With the question of children comes the role that love and fulfillment play in a relationship. Are you two capable of putting the children you create ahead of anything and everything else in your lives? Consider that you two might never take a vacation again because of the cost and complexities that family brings.
If neither of you want children, will one or both of you be willing to agree to undergo a vasectomy and/or tubal ligation? Doing so will make certain that this agreement is taken seriously and with a sense of responsibility.
If one of you wants children and the other doesn’t, the conversation you two have may end up with one of you capitulating to keep the peace. This is a bad precedent. When your lover insists that he does not want children one minute, but soon says that he does want to have a family one day, pay attention to how vague that “one day” is. What are his goals? This brings us to the third part of the Engagement Trinity…
One secret to Internet dating cuts to the core of whom you are meeting by asking your date, “Where do you see yourself in five years?” You have to know a bit about where you two are headed; it is good to flesh out the specifics of what you want out of life, why you want it and how you intend to get it.
Suppose one of you is an aspiring singer. Will you both be dependent on the other partner going to work every morning while the other works on the craft of singing and performing in the hopes of making it big some day? While we all have our dreams, the partnership of marriage exists to define them as goals that benefit you both. Nobody has to get married to follow their dreams, but all of us must compromise our dreams into tangible goals for the benefit of the partnership. The Engagement Trinity demands that the two of you agree just how long the dream of establishing a singing career will be allowed. What are the tangible results that are required in order for the two of you to proceed with making the sacrifices necessary to keep a dream going?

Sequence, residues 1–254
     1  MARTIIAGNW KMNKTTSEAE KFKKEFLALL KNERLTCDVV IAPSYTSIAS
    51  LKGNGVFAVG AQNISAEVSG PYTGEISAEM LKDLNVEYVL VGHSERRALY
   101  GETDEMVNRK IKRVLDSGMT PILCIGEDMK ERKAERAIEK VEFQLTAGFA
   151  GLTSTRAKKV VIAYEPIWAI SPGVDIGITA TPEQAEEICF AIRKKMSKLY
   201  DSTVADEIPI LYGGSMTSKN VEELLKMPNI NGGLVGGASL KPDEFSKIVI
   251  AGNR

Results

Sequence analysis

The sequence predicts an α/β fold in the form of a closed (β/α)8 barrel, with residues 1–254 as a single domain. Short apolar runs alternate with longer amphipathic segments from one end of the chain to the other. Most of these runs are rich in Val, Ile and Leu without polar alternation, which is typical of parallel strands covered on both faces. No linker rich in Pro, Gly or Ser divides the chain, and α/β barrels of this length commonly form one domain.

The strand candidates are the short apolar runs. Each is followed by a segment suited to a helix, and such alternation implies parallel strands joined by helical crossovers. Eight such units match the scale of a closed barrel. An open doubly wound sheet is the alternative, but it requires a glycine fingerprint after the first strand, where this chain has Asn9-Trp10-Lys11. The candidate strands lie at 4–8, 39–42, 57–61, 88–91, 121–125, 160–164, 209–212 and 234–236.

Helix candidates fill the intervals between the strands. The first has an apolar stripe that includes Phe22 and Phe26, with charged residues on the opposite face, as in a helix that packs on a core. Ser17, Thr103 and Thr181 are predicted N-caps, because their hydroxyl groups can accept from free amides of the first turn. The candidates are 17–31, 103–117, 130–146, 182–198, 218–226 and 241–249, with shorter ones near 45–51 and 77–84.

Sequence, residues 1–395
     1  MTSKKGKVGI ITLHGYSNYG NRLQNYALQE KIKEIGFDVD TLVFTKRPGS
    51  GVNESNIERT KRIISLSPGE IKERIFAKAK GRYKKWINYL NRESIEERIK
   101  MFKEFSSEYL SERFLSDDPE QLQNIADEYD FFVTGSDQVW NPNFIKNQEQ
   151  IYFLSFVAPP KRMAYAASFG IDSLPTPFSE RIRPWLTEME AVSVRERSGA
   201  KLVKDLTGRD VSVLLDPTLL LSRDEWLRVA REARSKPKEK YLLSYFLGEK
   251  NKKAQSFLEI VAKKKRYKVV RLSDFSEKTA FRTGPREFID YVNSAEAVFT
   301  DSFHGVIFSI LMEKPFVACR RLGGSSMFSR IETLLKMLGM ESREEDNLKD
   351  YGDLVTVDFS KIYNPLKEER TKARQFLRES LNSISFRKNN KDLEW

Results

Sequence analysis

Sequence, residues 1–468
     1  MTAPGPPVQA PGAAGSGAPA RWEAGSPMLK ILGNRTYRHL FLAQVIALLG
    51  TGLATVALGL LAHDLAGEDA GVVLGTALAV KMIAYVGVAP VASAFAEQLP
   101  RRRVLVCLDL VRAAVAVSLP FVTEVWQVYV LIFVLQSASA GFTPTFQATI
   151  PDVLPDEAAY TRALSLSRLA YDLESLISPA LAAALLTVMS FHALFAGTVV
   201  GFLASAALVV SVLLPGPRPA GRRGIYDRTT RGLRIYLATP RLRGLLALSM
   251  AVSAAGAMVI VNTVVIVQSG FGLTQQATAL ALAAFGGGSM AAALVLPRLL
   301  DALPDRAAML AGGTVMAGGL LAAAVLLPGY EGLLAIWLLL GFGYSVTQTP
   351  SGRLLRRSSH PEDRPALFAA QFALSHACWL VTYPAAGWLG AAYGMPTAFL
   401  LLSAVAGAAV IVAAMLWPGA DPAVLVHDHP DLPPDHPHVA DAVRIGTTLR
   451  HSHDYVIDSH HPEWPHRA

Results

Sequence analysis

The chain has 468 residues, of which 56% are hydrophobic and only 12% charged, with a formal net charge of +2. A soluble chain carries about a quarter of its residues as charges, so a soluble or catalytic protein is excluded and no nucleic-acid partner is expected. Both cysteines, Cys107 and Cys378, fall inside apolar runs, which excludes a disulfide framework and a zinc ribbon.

Many couples spend quality time on shared hobbies. Do you two have enough mutual interests that keep you united in your spare time, or do you each have separate interests that ensure time spent at home together is always fresh and interesting?
Do you have a corporate career, a college degree or a fantasy to climb Mount Everest? You must explain your goals and know that your spouse approves of them and will be there for you. If his goal is to travel to every major league baseball stadium in the next ten summers and yours is to visit every national park for an extended hiking trip … are your passions so divergent that you will be able to afford the time and money that multiple vacations require?
And so in closing, it must be asked: five years from now will one of you be staying at home to raise your children in an agreed-upon faith while the other works to support the family? The time to agree upon the complexities of married life is before the marriage is agreed to. Embrace the Engagement Trinity as the foundation of your successful marriage.